In the anime community, there is an assumption that nice characters are Mary Sues or characters with no flaws. Fortunately, I don’t agree with this because depth is what makes them not become a Mary Sue type character. Rather I see Tohru Honda, from Fruits Basket, as a broken soul who knows what it’s like to lose someone dear to her. Despite the hardships she has faced, she is someone who sees the world in a positive light.
This positivity is a coping method to move forward with her own grief. Through the story, Tohru Honda plays the role of helping the other characters see the potential in themselves. She is someone who — having gone through loss, homelessness, and financial hardship — is able to universally empathize with other people. Raised by her single mother, she’s never had very much in life and her values are simple compared to someone privileged.
Her upbringing meant her mother was often working and Tohru learned how to be responsible early in life by cooking, cleaning, and doing laundry. In fact, it was so much so that one of her flaws later became an aversion to asking for help. This is why she’s living in a tent at the beginning of the show, and she feels she would be bothersome otherwise. By becoming the housekeeper for Sohma’s she feels she’s doing her part. She’s the type to give her all but never asks for anything in return.
A Lifelong Connection
The story begins in the late 1990s just a little after Tohru buries her mother. She is then homeless and goes to live in a tent for a short time. While she commutes for the day, Tohru passes by a home with zodiac figures outside. The zodiac is special to her because of a tale from her childhood. This sentimental memory bridges Tohru emotionally with the Sohma family because they represent the incarnate of the animals she loved.
It’s like finding out your favorite superhero was real all along. While she doesn’t know them yet, it’s as if the Sohmas have been there all along for Tohru Honda. But alas, there’s a catch: anyone who discovers the family secret must have their memory erased. For how would society treat and respond to a group of people who can turn into animals?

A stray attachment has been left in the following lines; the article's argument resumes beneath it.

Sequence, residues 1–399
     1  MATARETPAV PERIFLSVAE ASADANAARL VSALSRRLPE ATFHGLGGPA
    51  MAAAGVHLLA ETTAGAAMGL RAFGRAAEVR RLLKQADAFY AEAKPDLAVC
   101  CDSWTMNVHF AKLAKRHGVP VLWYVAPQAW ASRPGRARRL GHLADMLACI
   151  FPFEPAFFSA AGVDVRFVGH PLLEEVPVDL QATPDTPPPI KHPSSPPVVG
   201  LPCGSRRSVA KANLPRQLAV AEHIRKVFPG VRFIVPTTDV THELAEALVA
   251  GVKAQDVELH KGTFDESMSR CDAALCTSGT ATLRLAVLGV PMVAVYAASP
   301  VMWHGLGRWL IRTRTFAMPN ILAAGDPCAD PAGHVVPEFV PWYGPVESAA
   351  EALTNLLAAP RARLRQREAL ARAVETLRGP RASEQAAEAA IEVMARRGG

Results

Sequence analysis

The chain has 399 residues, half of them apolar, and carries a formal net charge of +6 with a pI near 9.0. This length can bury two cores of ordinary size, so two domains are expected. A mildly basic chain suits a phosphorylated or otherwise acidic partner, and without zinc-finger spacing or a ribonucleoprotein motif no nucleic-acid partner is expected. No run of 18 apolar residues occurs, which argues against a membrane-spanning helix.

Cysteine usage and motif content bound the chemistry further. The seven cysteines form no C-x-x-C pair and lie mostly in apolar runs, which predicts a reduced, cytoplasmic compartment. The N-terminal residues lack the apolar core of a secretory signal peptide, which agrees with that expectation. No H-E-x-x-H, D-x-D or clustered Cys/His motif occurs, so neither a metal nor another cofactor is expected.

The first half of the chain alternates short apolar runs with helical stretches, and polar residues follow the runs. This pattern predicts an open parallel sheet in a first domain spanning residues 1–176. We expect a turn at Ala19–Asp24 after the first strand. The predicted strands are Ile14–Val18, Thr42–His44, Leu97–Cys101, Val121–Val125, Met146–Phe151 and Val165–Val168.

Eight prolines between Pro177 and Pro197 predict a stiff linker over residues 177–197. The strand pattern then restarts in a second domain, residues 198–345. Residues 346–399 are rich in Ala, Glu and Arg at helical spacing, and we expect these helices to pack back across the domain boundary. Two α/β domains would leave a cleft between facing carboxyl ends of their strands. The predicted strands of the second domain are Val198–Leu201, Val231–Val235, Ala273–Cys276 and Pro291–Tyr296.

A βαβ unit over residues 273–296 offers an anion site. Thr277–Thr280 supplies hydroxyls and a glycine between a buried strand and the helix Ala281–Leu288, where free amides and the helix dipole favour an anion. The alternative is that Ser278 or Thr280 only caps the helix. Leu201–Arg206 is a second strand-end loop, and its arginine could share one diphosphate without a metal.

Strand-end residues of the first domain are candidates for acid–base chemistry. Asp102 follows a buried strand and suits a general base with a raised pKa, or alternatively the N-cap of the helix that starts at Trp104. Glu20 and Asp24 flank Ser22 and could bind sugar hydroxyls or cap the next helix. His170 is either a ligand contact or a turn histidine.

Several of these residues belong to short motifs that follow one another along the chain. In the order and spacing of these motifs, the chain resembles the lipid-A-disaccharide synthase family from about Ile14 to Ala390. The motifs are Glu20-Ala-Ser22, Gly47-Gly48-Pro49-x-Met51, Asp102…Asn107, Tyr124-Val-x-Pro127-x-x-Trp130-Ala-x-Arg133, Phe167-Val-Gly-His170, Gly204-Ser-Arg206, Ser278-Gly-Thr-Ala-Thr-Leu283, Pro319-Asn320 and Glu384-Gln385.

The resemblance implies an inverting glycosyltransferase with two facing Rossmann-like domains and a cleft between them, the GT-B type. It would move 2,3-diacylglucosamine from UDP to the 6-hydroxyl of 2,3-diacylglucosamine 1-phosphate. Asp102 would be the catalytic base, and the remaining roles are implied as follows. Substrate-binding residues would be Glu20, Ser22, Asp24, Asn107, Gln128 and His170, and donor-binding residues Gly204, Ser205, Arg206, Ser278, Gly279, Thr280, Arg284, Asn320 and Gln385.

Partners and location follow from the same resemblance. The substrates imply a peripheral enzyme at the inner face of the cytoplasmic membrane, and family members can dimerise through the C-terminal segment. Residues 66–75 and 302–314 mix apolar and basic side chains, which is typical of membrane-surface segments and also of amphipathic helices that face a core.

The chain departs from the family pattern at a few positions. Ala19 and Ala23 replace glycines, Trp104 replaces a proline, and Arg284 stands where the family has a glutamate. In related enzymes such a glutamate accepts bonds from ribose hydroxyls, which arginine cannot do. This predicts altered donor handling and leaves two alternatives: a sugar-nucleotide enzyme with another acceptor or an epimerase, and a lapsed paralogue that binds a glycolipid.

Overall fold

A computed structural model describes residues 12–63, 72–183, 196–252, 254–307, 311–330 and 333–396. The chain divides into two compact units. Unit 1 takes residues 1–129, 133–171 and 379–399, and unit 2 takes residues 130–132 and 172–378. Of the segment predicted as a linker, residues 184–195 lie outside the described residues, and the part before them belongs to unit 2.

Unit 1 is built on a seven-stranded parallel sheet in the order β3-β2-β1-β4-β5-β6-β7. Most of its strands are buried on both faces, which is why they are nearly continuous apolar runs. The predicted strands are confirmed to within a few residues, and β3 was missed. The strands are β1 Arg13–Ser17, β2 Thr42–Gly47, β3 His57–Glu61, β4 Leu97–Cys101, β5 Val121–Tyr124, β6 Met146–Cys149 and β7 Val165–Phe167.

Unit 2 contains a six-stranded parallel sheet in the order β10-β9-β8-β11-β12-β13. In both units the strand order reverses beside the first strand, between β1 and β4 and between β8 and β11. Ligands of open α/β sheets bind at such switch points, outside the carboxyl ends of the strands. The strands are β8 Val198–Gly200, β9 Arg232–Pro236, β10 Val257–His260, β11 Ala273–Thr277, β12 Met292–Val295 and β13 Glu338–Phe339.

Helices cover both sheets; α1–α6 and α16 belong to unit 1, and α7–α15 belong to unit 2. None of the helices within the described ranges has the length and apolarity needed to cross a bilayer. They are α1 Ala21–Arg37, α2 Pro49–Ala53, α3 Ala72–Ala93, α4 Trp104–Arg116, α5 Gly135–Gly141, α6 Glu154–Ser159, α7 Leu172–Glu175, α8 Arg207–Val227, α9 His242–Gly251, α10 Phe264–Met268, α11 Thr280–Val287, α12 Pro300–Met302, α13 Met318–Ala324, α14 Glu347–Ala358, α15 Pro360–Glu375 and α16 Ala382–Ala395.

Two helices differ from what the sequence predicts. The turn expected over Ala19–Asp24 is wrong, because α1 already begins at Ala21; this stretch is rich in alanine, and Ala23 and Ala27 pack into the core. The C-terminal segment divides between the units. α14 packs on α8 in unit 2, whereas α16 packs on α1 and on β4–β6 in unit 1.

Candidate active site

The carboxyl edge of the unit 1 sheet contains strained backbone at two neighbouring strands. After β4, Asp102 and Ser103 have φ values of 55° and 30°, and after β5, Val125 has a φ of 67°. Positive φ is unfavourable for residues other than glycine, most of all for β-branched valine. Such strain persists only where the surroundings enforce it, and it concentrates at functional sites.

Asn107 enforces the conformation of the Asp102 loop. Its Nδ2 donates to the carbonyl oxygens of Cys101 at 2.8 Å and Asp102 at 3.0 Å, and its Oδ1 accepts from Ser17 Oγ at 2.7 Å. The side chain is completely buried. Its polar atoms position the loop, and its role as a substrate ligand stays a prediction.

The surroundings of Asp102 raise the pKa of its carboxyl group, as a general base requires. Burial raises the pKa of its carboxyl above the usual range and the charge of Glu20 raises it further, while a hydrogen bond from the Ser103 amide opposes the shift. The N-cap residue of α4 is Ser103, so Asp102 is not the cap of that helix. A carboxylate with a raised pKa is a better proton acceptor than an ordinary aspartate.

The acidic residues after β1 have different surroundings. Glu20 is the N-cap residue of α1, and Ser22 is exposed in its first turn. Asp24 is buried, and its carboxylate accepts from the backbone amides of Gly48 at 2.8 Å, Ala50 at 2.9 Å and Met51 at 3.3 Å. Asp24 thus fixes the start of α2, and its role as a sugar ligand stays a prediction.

She Sees What’s On The Inside
For Tohru Honda, the family curse is only a part of the Sohmas; it doesn’t make her adore them any less. This is because she sees them for who they are as people and for her their kindness in giving her a place to live is invaluable. This makes their curse secondary. Even before bonding with the Sohmas, Tohru Honda stands out with her maturity when it comes to social matters.
The bond between her, Hanajima, and Uotani, despite that they are high schoolers, has elements of an adult friendship. They are loyal to one another, genuine, protective, and not at all shallow. This is particularly true since Uotani is a former gang member and Hanajima is a psychic with a goth personality. These are traits that make Uotani and Hanajima outcasts, but yet Tohru Honda at sixteen possesses a sophistication to look past the shallow surface.
One illustration of this is in a flashback to younger Tohru Honda and Uotani. They talk in the hallway when a teacher recognizes them and questions the two assuming Uotani was harassing Tohru. Tohru Honda doesn’t understand why the teacher is asking her if she’s okay because she just can’t see her friend as anything but a noble person.
Tohru Honda Understands Yuki’s Heart
Tohru’s nonmaterial perspective doesn’t just apply to the outcasts. In the high school that she and Yuki attend, he is known as a prince; a title mostly earned for being polite, smooth and attractive. But this is a fallacy on his part: It’s a mask to hide his true flaws. By getting to know the Sohmas Tohru Honda bonds with Yuki in particular.